THE COST OF FREEDOM IS GREAT.
BELLEAU WOODS, FRANCE
JUNE 6, 19186 June 1918
Arguably, this was the most catastrophic day in Marine Corps history to this date. Two assaults take place. At 0500, the 1st Battalion, 5th Marine Regiment attacks west of Belleau Wood straightening the front and capturing strategic Hill 142 to support an assault on the wooded area. The attack was successful despite the lack of preparation and poor timing. It went off with only 2 companies and timely arrival of the other two avoided a defeat. Gunnery Sgt E. A. Janson's was awarded a Medal of Honor for his service in this assault. A member of Capt. Hamilton's 49th Co., he was responsible for effectively stopping a German counterattack.
Twelve hours later battalions of the 5th and 6th Marine Regiments frontally assault the woods from the south and west and attempt to capture Bouresches on the east edge of the woods. This afternoon attack was to be coordinated between the 3rd Batt, 5th Marines [3/5] and 3rd Batt, 6th Marines [3/6] with the latter eventually taking the village of Bouresches.
The attack against the woods proper goes grimly. Crossing a wheat field where they are exposed to machine gun fire. Gunnery Sgt Dan Daly asks his men, "Come on ya sons-of-bitches, ya want to live forever?' The attack is only able to seize a small corner of the wood. The army 2nd Engineer Regiment is called on to provide reinforcements.
The poorly coordinated attack on the woods left the 3/5 decimated and the 3/6 struggling to get into the southern edge of the woods. The Brigade order was amended and the 2/6 (in reserve around Triangle Farm) was directed to take Bouresches. Capt Duncan's 96th Company led the way with future Corps Commandant Lt. Clifton Cates. Lead elements of the company got into the village and were then reinforced by Capt Zane's 79th Company. The retention of the village was a real struggle due to the fact that the Marine flanks were wide-open fields and any attempt to reinforce received heavy German fire. Personal bravery kept the Marines supplied with needed supplies. US Navy Dental Service Officer Lt. JG. Weedon Osborne's received the Medal of Honor after being killed trying to save Capt Duncan. Today there is street in Bouresches named for him.
In addition to the village, the Brigade was directed to take the railroad station just outside. However, it was heavily manned and protected by a railroad embankment providing the Germans excellent fields of fire and the attack failed. On this day, the Marine Brigade suffered the worst single day's casualties in USMC history with 1087 men killed or wounded.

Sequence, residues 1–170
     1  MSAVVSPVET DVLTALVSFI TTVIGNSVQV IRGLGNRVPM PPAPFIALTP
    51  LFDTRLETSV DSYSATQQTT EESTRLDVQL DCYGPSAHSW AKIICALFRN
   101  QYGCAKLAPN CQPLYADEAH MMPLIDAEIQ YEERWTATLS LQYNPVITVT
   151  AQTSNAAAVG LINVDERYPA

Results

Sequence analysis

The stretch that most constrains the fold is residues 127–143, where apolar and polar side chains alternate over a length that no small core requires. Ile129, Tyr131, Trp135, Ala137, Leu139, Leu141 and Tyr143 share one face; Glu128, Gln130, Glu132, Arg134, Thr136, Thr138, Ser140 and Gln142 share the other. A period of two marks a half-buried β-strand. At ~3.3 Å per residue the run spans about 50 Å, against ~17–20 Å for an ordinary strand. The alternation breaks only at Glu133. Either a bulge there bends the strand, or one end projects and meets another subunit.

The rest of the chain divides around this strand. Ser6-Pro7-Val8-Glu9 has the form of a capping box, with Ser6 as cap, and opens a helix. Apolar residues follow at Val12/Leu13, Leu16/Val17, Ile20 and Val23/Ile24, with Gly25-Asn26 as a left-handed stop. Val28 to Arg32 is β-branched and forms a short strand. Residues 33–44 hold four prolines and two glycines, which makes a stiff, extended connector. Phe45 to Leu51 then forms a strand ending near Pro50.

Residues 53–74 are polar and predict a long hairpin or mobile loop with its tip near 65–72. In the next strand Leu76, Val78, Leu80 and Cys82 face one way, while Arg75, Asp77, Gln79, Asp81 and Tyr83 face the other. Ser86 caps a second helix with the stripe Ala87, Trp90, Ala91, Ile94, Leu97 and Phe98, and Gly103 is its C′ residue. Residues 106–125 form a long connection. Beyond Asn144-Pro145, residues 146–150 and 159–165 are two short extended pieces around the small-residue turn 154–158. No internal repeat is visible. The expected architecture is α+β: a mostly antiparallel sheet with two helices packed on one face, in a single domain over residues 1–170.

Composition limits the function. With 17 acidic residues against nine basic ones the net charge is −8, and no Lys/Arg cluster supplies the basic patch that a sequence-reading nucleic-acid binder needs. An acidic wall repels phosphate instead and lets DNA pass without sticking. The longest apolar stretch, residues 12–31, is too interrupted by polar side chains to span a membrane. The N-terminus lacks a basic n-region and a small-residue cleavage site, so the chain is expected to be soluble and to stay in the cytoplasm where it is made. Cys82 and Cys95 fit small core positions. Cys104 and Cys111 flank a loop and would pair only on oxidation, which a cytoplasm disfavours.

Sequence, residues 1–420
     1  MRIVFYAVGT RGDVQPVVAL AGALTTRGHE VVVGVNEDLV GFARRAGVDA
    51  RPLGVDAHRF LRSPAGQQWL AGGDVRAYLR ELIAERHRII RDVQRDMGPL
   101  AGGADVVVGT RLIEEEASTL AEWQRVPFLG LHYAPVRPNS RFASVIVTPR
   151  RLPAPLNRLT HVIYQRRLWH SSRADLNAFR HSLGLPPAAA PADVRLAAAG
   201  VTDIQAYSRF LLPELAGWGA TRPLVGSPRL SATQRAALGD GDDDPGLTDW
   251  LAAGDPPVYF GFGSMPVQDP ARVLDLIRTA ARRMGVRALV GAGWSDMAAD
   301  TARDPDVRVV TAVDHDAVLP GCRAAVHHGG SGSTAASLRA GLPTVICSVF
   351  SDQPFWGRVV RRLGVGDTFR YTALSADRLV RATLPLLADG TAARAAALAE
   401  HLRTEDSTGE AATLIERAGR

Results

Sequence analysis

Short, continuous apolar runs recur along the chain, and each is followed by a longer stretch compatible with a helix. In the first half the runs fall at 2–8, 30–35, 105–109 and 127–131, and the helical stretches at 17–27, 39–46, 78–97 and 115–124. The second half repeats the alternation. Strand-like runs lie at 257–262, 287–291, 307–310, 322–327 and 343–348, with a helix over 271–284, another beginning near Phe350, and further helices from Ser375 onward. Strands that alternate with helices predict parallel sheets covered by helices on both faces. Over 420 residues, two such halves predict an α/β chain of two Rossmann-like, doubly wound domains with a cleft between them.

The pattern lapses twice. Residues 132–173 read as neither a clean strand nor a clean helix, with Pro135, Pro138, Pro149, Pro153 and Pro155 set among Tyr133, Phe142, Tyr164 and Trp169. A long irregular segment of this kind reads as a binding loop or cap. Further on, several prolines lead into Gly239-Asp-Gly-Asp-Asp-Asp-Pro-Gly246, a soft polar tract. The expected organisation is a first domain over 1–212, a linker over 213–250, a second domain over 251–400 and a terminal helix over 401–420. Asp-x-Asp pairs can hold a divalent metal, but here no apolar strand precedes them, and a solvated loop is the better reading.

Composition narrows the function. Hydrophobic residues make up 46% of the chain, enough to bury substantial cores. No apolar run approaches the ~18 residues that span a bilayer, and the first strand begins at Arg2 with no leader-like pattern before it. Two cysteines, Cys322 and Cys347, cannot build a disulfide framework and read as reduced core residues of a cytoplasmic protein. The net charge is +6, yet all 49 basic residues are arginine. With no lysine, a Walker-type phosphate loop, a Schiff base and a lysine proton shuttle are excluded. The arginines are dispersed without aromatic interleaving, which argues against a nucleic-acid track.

Battle of Iwo Jima
19 Feb 1945 - 26 Mar 1945
he naval bombardment stopped at 0857, and at 0902, the first of an eventual 30,000 marines of the 3rd, 4th, and 5th Marine Divisions, under V Amphibious Corps, departed in their landing craft. They arrived at the beach 3 minutes later. It was uneventful. They were sure that optimists like Jim Buchanan must be right, there were no Japanese left to fight; the only casualties that occurred were to drownings caused by a powerful undertow. Several more waves of landing crafts hit the beach and dropped off their men, tanks, and supplies continuously in the next hour, and it was about then when the thunders of the Japanese guns hit. Under Kuribayashi's specific instructions, they waited an hour for the beach to crowd up before the guns sounded so that every shot fired would inflict maximum damage on the Americans. "Smoke and earsplitting noise suddenly filled the universe," and the Marines had nowhere to hide as the volcanic sand was too soft to dig a proper foxhole. All they could do was move forward; some of those who could not move forward were crushed by tanks that were trying to get off of the beach like the men. Navy Corpsman Roy Steinfort recalled that as he arrived on the beach, he was initially happy to see that countless Marines lay prone defending the beachhead. It did not take long to realize that the men were not in prone positions; they were all dead. Frantic radio calls reported back to the operations HQ: "All units pinned down by artillery and mortars", "casualties heavy", "taking heavy fire and forward movement stopped", and "artillery fire the heaviest ever seen". By sun down, the Americans had already incurred 2,420 casualties.
First Lieutenant Barber Conable of the United States Marines, who would later become the president of the World Bank, woke up in disbelief when he saw the second flag flying above Mount Suribachi. He recalled:
"It was my first time in battle and we were all terrified. Someone jumped into my foxhole and swore: 'it wasn't like this on Bougainville.' The officer I admire the most, the man in the next foxhole, a sergeant I knew -- they were all killed. My hearing is impaired to this day.... A major came over looking for a site for a cemetery and was shot by a sniper.... I was lucky.... When she heard about (the flag raising), Tokyo Rose said the flag on the mountain would be thrown into the sea. I hadn't had any sleep for more than sixty hours, so I didn't see them raise it, and it was wonderful to wake up to. I must say I got a little weepy when I saw it."
The Allied forces suffered 25,000 casualties, with nearly 7,000 dead. Over 1/4 of the Medals of Honor awarded to marines in World War II were given for conduct in the invasion of Iwo Jima.
In sum, Iwo Jima saw the only major battle in the entire Pacific Campaign where American casualties surpassed the Japanese dead. All the lives lost, on both sides of the battle, for ten square miles; for that very reason, Admiral Richmond Turner was criticized by American press for wasting the lives of his men. However, by war's end, Iwo Jima sure appeared to have saved many Americans, too. 2,400 B-29 landings took place at Iwo Jima, many were under emergency conditions that might otherwise meant a crash at sea.
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